The home secretary, Jack Straw, seriously misled the House of Commons and Tony Blair over the extent of support among senior judges for his revised plans to restrict a defendant's right of trial by jury, a Labour MP revealed last night.
The article continues:
The article goes on:
In a letter to Mr. Marshall-Andrews yesterday, the home secretary appeared to bluff it out, claiming that Lord Bingham still supports the change while admitting in the next sentence--
Mr. Deputy Speaker (Mr. Michael Lord):
Order. I am listening carefully to the hon. and learned Gentleman. I hope that he will now relate his remarks to the allocation of time.
Of course, Mr. Deputy Speaker. The article said that the letter claimed that Lord Bingham continued to support the change,
while admitting in the next sentence that the law lord will only back it if it includes a safeguard that Mr. Straw has specifically rejected.
This morning, my right hon. and learned Friend the Member for North-East Bedfordshire and I received a letter from the Minister of State, Home Office, the hon.
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Member for Norwich, South. It is dated 25 July. The letter is addressed to my right hon. and learned Friend and copied to me. The second page states:
You also referred to the Prime Minister's reply to the question from David Lidington on 5 July. It seems to me that the Prime Minister was fully justified in his response. Both the Royal Commission and the former Lord Chief Justice, Lord Bingham, supported the principle that defendants should not be able to choose to be tried by a jury in cases which magistrates have indicated that they would be content to hear. Lord Bingham is still, I understand, of the opinion that the decision whether an either way case should be tried in the Crown Court or by magistrates should be made by magistrates (subject to appeal to a Crown Court judge) and not, as now, by the defendant. He is, however, firmly of the view that in making their decision--
Mr. Deputy Speaker:
Order. The hon. and learned Gentleman said that he would relate his remarks to the allocation of time. I should be grateful if he would do it fairly quickly.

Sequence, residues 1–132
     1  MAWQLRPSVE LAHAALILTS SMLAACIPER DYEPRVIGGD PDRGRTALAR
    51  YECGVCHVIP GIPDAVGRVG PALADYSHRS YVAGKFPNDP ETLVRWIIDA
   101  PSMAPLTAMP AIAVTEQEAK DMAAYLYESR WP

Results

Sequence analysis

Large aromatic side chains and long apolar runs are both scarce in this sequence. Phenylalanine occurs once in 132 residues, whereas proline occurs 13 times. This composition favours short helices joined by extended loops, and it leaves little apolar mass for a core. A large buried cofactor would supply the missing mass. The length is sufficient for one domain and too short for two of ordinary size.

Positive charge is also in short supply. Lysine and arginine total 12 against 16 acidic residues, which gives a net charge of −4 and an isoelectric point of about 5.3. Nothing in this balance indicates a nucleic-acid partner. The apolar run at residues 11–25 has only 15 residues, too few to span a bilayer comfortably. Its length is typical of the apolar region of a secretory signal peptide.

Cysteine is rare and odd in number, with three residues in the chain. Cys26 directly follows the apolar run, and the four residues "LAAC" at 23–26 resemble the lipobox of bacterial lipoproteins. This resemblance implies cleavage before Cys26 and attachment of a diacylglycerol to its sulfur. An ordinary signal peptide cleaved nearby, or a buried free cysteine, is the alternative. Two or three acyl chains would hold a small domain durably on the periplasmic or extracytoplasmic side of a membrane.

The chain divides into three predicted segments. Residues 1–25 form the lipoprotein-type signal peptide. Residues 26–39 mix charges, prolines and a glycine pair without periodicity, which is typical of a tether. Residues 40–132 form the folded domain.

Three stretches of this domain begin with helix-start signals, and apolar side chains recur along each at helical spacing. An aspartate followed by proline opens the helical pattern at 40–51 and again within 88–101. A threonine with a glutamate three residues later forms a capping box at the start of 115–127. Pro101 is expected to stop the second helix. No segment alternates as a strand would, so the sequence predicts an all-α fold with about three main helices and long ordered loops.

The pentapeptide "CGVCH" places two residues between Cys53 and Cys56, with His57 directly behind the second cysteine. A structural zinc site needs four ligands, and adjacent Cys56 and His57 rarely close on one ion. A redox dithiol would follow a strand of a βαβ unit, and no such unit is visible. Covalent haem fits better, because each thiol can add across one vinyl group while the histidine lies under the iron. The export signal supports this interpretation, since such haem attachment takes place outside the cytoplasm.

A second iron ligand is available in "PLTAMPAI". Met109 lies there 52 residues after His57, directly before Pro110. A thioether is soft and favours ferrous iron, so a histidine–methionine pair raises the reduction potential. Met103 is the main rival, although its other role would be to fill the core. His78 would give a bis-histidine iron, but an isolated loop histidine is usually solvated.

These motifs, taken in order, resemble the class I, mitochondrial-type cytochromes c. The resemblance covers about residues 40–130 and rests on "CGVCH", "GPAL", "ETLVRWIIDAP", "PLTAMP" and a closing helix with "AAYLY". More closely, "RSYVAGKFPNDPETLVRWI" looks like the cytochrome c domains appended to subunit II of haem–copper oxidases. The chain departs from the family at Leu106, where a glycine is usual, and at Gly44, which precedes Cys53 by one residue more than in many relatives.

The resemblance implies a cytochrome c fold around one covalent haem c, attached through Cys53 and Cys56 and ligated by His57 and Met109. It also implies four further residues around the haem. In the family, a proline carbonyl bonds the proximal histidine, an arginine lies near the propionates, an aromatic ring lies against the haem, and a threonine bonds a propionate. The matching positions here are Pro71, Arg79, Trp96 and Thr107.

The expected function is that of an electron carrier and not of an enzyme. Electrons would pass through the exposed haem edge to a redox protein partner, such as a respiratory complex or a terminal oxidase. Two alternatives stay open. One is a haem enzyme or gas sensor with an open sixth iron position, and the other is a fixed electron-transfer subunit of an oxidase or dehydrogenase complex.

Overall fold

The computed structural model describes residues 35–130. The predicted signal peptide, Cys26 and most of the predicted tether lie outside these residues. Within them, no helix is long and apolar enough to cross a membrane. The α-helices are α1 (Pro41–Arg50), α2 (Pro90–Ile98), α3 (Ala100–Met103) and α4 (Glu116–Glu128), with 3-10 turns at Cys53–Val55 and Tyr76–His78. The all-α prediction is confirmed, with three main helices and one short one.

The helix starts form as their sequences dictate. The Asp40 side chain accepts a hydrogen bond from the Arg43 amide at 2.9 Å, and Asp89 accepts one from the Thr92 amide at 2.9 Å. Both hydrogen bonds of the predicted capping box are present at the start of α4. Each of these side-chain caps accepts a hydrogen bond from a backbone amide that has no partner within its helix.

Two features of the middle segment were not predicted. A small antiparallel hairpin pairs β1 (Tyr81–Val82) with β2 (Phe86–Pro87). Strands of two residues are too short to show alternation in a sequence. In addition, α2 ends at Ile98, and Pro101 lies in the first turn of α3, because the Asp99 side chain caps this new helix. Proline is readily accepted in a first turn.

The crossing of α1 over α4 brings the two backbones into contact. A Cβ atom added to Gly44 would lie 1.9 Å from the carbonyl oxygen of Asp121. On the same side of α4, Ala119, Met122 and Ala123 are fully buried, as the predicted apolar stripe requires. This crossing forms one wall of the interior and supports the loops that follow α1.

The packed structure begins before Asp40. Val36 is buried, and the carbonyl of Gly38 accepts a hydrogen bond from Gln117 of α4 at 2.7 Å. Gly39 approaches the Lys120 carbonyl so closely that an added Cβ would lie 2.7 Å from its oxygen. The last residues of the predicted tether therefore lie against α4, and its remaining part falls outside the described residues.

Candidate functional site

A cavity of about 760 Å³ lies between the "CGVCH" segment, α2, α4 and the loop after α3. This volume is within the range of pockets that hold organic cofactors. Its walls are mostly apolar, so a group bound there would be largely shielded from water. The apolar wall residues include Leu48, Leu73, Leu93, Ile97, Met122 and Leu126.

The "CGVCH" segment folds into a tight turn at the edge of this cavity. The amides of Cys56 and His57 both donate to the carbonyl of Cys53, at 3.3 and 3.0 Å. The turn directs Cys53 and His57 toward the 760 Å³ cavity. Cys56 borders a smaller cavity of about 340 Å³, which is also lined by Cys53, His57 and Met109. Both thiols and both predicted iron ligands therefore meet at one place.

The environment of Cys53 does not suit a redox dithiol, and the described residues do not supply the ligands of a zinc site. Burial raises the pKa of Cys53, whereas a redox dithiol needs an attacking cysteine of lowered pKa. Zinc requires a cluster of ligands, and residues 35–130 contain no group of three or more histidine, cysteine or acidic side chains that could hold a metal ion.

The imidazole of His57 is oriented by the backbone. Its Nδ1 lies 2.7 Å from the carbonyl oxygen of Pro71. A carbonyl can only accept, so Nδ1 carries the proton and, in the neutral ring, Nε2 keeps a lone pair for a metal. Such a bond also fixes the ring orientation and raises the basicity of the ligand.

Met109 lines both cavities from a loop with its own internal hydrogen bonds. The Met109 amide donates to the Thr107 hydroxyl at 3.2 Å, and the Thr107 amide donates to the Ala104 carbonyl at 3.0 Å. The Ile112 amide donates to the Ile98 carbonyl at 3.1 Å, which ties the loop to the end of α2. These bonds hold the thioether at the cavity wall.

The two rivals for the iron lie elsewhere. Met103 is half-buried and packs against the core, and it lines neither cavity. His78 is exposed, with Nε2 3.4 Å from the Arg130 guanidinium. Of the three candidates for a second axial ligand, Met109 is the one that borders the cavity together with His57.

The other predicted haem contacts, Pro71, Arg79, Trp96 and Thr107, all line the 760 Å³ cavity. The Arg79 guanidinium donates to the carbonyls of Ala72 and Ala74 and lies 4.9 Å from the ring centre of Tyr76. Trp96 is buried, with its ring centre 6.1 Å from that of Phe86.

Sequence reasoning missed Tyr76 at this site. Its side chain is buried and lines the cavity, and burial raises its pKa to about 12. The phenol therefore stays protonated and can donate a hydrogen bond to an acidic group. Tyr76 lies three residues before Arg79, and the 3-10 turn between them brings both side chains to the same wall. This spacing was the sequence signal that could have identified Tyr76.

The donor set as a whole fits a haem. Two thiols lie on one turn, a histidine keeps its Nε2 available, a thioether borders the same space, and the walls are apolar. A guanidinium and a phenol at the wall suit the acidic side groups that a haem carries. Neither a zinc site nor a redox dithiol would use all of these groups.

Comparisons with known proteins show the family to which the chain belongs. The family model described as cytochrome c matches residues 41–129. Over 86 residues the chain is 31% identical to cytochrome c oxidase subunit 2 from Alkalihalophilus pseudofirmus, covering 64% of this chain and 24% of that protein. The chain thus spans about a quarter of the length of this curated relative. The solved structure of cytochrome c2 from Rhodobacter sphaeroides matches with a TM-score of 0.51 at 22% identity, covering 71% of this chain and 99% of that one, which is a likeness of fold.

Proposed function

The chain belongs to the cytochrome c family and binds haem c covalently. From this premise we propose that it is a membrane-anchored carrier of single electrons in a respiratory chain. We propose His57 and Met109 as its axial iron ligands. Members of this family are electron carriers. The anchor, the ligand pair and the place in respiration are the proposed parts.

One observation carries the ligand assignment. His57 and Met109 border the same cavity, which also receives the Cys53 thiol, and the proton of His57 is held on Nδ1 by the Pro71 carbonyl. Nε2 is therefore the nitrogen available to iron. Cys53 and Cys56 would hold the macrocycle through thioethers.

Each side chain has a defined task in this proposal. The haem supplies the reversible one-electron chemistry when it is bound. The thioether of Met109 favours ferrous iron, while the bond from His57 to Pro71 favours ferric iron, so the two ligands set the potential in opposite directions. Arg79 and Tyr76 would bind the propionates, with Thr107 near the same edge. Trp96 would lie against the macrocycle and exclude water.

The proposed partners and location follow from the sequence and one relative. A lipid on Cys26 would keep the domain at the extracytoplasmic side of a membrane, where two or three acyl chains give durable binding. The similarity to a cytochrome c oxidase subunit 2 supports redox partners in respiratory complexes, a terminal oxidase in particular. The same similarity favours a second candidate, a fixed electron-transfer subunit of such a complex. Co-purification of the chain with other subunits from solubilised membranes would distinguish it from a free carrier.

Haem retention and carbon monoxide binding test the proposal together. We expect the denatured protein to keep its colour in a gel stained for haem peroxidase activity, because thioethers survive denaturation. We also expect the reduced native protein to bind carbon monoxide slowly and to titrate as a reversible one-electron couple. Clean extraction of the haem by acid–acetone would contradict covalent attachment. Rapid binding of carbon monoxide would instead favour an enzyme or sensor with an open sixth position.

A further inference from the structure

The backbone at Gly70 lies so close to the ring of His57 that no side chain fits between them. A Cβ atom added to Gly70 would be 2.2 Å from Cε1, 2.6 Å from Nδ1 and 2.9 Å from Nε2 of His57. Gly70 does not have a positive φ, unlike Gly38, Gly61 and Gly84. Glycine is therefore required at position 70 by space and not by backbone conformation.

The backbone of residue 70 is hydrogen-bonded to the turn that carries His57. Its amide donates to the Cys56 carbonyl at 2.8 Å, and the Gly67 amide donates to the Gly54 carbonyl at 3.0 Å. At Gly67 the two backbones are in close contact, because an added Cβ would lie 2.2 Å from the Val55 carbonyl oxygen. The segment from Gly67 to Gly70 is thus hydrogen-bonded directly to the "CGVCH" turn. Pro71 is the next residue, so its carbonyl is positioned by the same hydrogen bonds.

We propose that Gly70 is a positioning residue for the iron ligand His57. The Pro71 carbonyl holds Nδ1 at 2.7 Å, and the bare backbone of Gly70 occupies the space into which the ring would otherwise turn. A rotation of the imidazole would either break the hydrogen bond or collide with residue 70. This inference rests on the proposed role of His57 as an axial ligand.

Unfortunately, you were not here during the early part of the discussions, Mr. Deputy Speaker--
Mr. Deputy Speaker:
Order. The hon. and learned Gentleman must not challenge the Chair, however moderately. I have heard sufficient while I have been in the Chair to advise him. I should be grateful if he would now relate his remarks to the allocation of time motion.
Not all arguments can be compressed. The Home Secretary is keen for the amount of time during which we can debate the Bill to be curtailed to prevent the hon. and learned Member for Medway and the 18 or 19 of his supporters of the Third Reading amendment from having sufficient time to discuss the Bill. We are all here to argue against limiting to five hours discussion, not only on Report but on Third Reading, of a Bill of huge constitutional importance. If the Government cannot recognise a huge constitutional matter when it stares them in the face, we are in trouble. On behalf of our constituents, Members of Parliament, regardless of party, have a duty to complain about an overweening, arrogant and overreaching Government.
It will not do for the Government, through the Home Secretary or the Minister, to claim the support of the former Lord Chief Justice in speeches in the House or in correspondence when we know that such support is qualified. The final passage of the paragraph that I quoted from the Minister's letter brings home to us all the slippery ground on which the Home Secretary bases his case. It states:
Lord Bingham is still, I understand, of the opinion that the decision whether an either way case should be tried in the Crown Court or by magistrates should be made by magistrates (subject to appeal to a Crown Court judge) and not, as now, by the defendant. He is, however, firmly of the view that in making their decision magistrates should be free to take into account all the circumstances of the case which they consider to be relevant. I believe that Professor Zander holds a similar view. The difficulty with giving the courts such a wide-ranging discretion is that it would create a perception that defendants would be treated differently on the basis of their social or economic standing in society.
That goes to the heart of the amendment that the hon. and learned Member for Medway has tabled. The Government do not want that amendment to be debated because they
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know that they do not have the support of the former Lord Chief Justice or of most right-thinking people in this country for the Bill.